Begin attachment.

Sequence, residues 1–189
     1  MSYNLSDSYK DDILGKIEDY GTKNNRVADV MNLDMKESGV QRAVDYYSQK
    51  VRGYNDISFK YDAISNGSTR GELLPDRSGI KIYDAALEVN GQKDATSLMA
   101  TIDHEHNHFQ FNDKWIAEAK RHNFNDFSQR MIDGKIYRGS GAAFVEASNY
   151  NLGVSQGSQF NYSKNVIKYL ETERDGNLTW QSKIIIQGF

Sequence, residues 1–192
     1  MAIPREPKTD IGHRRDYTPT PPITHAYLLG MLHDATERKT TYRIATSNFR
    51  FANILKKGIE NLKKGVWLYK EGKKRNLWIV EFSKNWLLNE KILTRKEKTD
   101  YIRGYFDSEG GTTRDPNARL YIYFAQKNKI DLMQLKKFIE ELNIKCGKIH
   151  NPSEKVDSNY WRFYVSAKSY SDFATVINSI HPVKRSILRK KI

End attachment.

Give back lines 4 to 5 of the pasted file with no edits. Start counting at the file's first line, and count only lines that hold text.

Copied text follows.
   101  TIDHEHNHFQ FNDKWIAEAK RHNFNDFSQR MIDGKIYRGS GAAFVEASNY
   151  NLGVSQGSQF NYSKNVIKYL ETERDGNLTW QSKIIIQGF